Monochrome Diary: Images on Film
While black and white digital photography is based on the conversion of a color (RGB) image to monochrome via software, those who remain adherents of film photography have an entirely different route to obtaining a black and white image.
With panchromatic film, the image is formed by the action of light upon light-sensitive silver halides in the film emulsion, the light-sensitive coating on film base. These exposed silver halide grains are then reduced to metallic silver by development in chemical baths, which create a matrix of silver densities that we see as a negative image. To obtain a print, this negative is then made positive by re-exposure onto photographic paper, or onto other photographic material. Prior to development and after exposure the light-exposed silver halides form a latent image. When we develop we are in a sense amplifying that image to make it visible.
That scenario is basic to all photographic film processes. When we take a picture, we allow a controlled amount of light to strike film. If properly exposed and developed, the tonal scale obtained will be an accurate reproduction of the relationship of the luminance or brightness values of the original scene. Thus, the brighter areas, or highlights, will have more density than the darker, or shadow areas in the negative, and the relationship of dark to light, and the relative value of those areas to one another, will be equivalent to the original scene.
When a print is made, the relationship of light to dark in the negative is reversed. Darker tones print as lighter tones; lighter tones in the negative print as darker tones in the positive. The negative is created with one exposure value (EV), or amount of light striking the film. Prints can also be made in this way, but can also be made so that selective areas are given more or less exposure, which is where the digital burn and dodge tools get their name. “Burning" (adding more exposure to selective areas) or "dodging" (reducing exposure in certain areas) is an important aspect of printmaking. This yields great creative control of tonal values when prints are made.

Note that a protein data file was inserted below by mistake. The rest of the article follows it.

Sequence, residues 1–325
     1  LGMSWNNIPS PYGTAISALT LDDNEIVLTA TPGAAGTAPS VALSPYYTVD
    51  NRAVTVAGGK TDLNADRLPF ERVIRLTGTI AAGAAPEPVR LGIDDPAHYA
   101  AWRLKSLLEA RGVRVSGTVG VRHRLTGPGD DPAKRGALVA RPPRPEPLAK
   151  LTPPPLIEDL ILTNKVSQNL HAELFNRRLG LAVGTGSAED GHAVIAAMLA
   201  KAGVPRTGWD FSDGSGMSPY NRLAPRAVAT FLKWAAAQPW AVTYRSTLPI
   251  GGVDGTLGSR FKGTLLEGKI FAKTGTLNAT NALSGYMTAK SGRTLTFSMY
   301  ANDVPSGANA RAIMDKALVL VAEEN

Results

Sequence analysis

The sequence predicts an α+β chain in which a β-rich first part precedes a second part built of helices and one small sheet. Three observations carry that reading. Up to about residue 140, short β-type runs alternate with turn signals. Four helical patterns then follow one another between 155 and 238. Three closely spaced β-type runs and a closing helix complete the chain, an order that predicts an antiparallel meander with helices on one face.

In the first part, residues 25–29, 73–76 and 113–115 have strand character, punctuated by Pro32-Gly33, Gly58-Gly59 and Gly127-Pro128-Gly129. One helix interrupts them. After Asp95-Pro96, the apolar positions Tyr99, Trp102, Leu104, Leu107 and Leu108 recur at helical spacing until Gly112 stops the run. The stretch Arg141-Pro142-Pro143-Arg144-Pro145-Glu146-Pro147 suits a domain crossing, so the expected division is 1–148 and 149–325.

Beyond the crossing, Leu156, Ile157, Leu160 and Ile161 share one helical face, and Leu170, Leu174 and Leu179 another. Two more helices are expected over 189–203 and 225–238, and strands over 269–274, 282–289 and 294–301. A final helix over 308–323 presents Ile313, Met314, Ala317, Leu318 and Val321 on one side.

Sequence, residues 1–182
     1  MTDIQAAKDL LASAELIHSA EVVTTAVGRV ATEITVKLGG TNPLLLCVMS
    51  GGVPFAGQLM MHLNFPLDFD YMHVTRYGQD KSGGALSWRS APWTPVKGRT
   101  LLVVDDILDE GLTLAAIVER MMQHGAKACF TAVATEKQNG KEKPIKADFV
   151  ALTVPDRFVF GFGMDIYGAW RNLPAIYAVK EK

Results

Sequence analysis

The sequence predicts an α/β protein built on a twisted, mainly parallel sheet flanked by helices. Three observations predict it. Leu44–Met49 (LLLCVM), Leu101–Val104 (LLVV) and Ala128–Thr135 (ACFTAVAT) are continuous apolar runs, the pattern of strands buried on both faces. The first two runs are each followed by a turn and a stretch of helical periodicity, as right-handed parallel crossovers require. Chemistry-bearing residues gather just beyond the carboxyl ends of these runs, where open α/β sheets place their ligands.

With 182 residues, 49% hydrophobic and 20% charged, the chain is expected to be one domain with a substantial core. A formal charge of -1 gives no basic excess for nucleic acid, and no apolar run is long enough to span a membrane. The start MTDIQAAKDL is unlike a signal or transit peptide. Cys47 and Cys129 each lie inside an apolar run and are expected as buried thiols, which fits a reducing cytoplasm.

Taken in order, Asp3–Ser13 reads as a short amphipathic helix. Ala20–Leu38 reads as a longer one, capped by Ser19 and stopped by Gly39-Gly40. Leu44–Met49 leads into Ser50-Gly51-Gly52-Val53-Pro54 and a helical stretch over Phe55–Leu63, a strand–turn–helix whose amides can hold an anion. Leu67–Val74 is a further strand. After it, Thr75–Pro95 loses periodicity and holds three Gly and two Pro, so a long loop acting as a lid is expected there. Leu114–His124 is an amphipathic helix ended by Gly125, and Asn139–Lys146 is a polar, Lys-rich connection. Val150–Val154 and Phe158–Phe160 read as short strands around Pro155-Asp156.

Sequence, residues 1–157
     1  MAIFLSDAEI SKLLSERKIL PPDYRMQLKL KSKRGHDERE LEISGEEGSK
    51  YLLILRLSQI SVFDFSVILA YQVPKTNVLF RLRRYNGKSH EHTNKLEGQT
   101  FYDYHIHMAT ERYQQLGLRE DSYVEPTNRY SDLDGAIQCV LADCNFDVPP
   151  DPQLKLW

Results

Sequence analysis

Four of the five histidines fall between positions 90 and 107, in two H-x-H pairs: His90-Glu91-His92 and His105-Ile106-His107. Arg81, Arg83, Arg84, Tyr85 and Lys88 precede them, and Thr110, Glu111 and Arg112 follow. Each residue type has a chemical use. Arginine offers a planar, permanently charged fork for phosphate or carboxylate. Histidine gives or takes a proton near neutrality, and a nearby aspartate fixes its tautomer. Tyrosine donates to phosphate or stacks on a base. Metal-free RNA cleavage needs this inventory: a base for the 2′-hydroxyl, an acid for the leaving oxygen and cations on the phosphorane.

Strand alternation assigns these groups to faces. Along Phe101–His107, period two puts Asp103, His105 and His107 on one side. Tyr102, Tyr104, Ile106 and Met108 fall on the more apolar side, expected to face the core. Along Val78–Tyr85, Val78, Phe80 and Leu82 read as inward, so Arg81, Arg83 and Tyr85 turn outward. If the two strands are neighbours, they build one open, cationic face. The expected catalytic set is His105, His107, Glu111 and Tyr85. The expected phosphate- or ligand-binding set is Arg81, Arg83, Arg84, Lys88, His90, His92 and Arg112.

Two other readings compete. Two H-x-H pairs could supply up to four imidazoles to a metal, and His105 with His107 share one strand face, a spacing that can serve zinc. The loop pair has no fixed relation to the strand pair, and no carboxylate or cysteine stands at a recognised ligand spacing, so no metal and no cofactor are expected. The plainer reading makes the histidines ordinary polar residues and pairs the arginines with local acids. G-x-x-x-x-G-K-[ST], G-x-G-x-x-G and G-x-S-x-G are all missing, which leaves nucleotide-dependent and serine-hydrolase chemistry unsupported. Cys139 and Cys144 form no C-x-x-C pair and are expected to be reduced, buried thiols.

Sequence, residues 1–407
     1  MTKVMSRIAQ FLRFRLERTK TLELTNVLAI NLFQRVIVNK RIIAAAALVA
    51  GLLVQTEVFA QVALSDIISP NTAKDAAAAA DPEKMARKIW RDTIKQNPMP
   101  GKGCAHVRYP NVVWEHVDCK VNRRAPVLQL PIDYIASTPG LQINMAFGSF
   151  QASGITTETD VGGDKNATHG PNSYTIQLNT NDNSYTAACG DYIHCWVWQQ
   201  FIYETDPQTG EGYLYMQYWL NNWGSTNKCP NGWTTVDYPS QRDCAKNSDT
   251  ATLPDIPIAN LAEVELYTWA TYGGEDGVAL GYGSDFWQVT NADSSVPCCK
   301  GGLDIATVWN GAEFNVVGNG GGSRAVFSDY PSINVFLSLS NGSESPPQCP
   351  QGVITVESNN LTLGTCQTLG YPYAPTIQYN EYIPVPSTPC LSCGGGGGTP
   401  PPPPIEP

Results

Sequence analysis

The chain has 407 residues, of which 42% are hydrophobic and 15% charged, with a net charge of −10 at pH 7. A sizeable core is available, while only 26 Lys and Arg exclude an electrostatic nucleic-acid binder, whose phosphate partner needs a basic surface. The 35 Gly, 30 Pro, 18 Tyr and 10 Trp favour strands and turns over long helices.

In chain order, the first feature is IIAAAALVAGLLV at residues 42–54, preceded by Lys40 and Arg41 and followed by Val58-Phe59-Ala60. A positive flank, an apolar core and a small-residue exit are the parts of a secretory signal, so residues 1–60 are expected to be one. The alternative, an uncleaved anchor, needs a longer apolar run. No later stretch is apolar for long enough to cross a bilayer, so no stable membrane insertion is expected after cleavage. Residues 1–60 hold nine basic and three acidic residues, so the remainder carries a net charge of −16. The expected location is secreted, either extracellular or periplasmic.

In black and white, the monochrome scale goes from bright, texture-less white to deep, detail-less black. In between are a range of gray tones that stretch across what could be called a grayscale spectrum. This tonal scale is, for simplicity sake, broken up into eleven steps, or zones. The division points within this 11-step scale (from Zone 0 through 10) are somewhat arbitrary; indeed, if there were only 11 steps in this scale we would have a very limited palette; there are in fact many more steps and nuances of tone.
Contrast is a key element in all photography, film or digital, yet the way a particular level of contrast is achieved is quite different. Contrast is the overall relationship between light and dark values. When talking about the scene we are photographing, contrast is determined by the relationship of the highlights and shadows, and is measured in EV, or exposure values in the scene. For example, on bright days with deep black shadows we have a fairly high-contrast scene. On overcast days with no shadows we have a low contrast scene. To judge contrast you can measure the brightest and darkest part of the scene with a light meter, note the difference in EV (the combination of aperture and shutter speed) and derive the contrast from the difference.
That scene contrast is a given, or constant. Yet, after exposure, film photographers can manipulate contrast, to an extent, by the time/temperature of the film development stage and the type of developer used. Extend developing times and/or raise temperatures and the contrast will increase; decrease developing times and/or lower temperature and the contrast will decrease. With silver halide prints, contrast is determined by the contrast grade of the paper used to make prints, and although time/temperature of the developer bath has some effect, it has a minor effect on print contrast. The contrast in prints, or relationship of dark-to-light values, is manipulated chiefly through paper contrast grade selection, and can be modified by the artful use of burning and dodging of particular areas of the print or even by a technique known as “pre-flashing”, which adds a base density fog to the paper prior to making a print.